After knocking out the cargo hauler and logging mech, the mercenaries turned their attention to the Javelin. A fusillade of small weapons, punches and kicks shattered leg actuators and carved chunks out of the mech's internal structure.

With the tide turned against them, the pirates began their retreat. The Javelin, attempting to escape was destroyed by a final attack to its rear armor by the mercenary Stinger. "Dad, the Locust isn't very good, but the Stinger is awesome. Which is weird, because they have the same weapons."

After Action

This mission (or "track" as they're called in Campaign Operations) cost the mercenaries 300 warchest points. The mercs completed two objectives (destroying or crippling at least 50% of the enemy force, and recovering stolen logging equipment) netting them 250 warchest points. The "Silent Running" option granted them a bonus 75 points.

After the mission the mercs had a total of 1025 warchest points. They lost their Locust to enemy fire, but can claim the Javelin as salvage (at least I think they can. Campaign Operations references salvage rules in three other Battletech rule books, which is understandable, but frustrating as they are currently out of print).

Another subsystem of rules allows the player to convert warchest points into "support points" which can be spent to repair and re-arm their mechs. He used 30 points to repair the armor on his Griffin and Commando and reload all of their weapons. The Stinger, having taken minor damage, will go into a future battle without additional repairs (which is just so, so Old School Battletech and I love it).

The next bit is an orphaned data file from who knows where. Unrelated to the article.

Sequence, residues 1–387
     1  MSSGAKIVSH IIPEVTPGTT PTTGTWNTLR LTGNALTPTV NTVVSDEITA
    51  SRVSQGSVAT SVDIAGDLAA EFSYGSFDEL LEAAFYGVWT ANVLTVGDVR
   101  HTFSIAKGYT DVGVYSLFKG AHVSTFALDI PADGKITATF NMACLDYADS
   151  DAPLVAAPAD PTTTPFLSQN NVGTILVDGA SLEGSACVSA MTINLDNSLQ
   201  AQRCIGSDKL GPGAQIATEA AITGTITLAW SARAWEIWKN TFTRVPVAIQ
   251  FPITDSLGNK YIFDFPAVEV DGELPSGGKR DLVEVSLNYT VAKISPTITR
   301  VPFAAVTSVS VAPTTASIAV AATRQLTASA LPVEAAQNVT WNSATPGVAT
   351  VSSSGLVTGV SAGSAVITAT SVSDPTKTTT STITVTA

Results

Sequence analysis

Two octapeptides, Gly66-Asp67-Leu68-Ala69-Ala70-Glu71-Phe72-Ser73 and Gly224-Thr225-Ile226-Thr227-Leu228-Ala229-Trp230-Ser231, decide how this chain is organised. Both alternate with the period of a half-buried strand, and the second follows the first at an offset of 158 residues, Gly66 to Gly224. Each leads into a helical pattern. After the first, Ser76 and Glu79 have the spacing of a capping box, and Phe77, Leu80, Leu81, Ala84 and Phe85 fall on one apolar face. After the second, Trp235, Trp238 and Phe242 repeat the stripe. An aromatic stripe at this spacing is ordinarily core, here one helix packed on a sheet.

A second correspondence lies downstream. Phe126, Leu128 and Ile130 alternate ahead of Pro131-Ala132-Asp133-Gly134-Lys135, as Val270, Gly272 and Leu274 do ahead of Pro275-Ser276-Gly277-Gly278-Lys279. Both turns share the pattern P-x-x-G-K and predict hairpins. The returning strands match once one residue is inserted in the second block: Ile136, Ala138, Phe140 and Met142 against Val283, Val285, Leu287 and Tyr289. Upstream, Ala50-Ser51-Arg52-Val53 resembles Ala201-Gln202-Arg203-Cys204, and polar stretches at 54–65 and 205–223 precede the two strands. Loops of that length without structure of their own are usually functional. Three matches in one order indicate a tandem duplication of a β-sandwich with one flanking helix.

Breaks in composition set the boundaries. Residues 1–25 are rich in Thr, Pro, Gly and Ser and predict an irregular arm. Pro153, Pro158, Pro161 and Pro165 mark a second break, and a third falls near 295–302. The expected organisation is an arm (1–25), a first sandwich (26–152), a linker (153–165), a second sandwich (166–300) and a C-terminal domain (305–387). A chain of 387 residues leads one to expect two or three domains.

All told, he ends with 995 warchest points, currently at a loss but hopefully able to make it up as he continues to hunt down and destroy the pirates of Wudiwun. With the first part of the contract complete, he'll need to decide between two tracks for the next scenario: defend the logging camp from pirate counter attack, or send a fast attack lance to take out an elite heavy pirate mech before it can rejoin its comrades.

I also gave him a peek at the communication his contract liaison sent to his employer.

He hates her.

6 comments:

  1. Hi

    Try Heroscape pieces to give it a 3-d effect

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    1. Thanks! Been considering Heroscape, but also thinking about upping the hex size for our games to 2 or even 2.5 inches. Will need to test some different options out I think :)

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  2. Excellent report, really enjoyed the previous post planning the campaign. Looking forward to more!

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    1. Glad you liked them! I have a few more in the hopper for this campaign, so hope they all prove useful to you!

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  3. Just found this blog. Not a lot of battletech tabletop on the web so i was overjoyed to read about your campaign. Very entertaining!

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  4. Awesome! Great post and looking forward to the next chapter. Cheers